Note that for any permutation $sigmain S_5$ the product $prod_{k=1}^5k^{sigma(k)}$ is neither a square nor a cube.

**Question.** Let $n>5$ be an integer. Is the product $prod_{k=1}^nk^{sigma(k)}$ a square for some $sigmain S_n$? Is the product $prod_{k=1}^nk^{sigma(k)}$ a cube for some $sigmain S_n$?

The question looks not very challenging, and I believe that the answer should be positive. Any ideas to provide a proof?

The question can be refined further, for example, I conjecture that for any integer $n>5$ there is a permutation $sigmain S_n$ with $sigma(1)=1$ and $sigma(2)=2$ such that $prod_{k=1}^n k^{sigma(k)}=(p-1)^3$ for some prime $p$. Let $a(n)$ denote the number of such permutations $sigma$. I find that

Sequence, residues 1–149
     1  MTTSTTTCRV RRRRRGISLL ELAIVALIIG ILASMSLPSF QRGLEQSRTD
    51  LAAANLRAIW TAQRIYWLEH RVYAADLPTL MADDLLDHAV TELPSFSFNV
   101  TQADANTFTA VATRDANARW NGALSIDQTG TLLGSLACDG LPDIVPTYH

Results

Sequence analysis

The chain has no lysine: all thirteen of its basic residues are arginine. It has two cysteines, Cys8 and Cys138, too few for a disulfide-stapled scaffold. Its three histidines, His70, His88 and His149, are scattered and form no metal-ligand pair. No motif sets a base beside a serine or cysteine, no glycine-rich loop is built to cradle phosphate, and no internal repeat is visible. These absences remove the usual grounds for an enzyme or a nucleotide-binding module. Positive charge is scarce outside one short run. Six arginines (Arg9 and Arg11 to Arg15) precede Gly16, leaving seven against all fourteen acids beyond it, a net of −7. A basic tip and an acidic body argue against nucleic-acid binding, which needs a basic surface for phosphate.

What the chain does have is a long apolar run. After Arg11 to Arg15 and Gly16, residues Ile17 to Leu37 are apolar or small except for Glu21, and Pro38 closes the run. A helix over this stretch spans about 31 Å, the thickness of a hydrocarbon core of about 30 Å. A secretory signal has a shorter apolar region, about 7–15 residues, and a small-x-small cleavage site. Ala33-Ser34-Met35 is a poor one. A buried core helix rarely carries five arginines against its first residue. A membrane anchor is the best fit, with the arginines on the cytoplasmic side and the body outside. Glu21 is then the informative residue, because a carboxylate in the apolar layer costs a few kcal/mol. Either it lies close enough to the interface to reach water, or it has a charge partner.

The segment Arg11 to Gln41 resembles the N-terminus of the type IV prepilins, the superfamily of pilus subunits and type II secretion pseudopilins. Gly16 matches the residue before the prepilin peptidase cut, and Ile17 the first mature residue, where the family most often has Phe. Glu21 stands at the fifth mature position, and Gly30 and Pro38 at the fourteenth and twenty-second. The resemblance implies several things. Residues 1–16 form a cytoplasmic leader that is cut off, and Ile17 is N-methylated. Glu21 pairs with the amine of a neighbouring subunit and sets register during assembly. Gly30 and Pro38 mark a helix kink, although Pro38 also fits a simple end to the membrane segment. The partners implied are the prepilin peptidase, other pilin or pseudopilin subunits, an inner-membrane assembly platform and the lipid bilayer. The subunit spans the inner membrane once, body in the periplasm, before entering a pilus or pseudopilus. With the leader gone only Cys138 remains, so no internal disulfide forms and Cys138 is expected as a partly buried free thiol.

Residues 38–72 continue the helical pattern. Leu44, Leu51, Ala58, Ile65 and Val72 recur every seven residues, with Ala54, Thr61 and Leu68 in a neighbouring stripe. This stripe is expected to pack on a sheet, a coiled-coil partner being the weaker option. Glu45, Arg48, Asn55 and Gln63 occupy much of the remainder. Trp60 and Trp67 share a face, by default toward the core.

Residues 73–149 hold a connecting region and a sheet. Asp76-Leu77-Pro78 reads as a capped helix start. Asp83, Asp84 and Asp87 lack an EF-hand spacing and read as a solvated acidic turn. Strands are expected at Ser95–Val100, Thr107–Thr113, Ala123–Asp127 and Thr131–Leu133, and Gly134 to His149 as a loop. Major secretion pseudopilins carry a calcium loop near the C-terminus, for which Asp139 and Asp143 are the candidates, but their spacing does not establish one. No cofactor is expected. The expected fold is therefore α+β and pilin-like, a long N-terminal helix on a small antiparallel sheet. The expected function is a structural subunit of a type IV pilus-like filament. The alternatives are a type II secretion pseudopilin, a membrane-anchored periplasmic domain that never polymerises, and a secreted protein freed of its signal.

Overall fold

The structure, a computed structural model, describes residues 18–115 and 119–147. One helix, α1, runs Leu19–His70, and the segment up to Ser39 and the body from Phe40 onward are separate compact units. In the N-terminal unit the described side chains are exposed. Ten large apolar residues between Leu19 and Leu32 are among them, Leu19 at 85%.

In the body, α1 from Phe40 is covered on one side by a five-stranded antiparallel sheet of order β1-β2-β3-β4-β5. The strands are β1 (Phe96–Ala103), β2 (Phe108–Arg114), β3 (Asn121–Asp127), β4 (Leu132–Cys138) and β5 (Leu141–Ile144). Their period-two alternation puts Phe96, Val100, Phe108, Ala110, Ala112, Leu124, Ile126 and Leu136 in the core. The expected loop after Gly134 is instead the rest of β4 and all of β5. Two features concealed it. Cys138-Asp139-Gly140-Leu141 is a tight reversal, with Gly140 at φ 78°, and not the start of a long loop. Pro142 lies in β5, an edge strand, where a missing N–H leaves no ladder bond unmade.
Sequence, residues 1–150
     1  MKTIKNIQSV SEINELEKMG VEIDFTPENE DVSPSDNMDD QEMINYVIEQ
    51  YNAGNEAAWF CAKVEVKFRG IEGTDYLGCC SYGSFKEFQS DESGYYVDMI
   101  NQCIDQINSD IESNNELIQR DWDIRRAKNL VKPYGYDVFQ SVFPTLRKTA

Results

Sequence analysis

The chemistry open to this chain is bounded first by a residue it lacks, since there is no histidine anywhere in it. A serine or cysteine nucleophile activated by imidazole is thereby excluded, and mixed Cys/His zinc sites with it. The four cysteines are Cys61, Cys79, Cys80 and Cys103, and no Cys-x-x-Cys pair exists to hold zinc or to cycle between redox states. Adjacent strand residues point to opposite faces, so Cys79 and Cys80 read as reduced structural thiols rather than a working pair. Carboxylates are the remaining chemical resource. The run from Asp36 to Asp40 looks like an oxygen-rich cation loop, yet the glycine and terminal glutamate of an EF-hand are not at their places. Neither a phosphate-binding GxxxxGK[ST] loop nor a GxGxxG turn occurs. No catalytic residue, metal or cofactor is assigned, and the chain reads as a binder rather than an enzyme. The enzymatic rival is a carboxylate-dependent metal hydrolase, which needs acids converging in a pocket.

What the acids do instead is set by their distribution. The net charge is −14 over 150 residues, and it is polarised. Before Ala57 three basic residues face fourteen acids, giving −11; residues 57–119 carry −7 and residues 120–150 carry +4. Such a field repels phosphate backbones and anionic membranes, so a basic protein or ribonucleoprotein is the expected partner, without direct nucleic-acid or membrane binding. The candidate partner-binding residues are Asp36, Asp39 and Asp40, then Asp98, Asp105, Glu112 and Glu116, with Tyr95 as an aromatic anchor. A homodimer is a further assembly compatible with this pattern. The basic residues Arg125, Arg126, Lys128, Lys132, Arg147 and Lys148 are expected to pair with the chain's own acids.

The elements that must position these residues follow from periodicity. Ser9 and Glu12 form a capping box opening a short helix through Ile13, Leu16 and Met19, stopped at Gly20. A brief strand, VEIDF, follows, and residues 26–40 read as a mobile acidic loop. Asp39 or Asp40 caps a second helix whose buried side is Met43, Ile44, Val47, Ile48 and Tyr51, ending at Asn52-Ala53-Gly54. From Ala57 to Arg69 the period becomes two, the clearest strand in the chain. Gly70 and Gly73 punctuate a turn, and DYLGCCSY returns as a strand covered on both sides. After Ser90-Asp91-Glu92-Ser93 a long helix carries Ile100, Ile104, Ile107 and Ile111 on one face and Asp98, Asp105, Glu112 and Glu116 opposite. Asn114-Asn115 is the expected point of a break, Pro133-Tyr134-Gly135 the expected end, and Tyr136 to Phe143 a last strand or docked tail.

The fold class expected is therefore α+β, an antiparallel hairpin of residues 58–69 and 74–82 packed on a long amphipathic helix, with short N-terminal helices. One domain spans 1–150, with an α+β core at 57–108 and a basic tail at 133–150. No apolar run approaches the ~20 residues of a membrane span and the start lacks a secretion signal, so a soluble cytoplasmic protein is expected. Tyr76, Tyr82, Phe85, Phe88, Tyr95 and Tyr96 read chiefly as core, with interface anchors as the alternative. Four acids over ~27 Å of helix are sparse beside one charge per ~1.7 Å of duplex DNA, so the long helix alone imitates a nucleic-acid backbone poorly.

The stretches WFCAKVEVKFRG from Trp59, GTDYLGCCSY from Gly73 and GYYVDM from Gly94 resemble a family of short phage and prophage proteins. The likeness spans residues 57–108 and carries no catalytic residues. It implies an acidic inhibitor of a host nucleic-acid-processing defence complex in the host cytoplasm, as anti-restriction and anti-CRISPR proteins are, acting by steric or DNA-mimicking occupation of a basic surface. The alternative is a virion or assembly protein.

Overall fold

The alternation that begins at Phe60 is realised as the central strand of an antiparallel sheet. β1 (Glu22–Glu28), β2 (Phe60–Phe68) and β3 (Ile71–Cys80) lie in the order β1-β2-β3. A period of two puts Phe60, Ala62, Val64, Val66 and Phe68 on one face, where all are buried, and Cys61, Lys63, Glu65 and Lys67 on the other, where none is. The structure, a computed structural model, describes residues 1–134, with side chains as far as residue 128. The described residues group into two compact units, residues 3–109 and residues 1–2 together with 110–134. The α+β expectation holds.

$$a(6)=1, a(7)=3, a(8)=2, a(9)=27, a(10)=44, a(11)=154.$$

For the above question, I ask for an actual proof of the positive answer, rather than inaccurate heuristic arguments.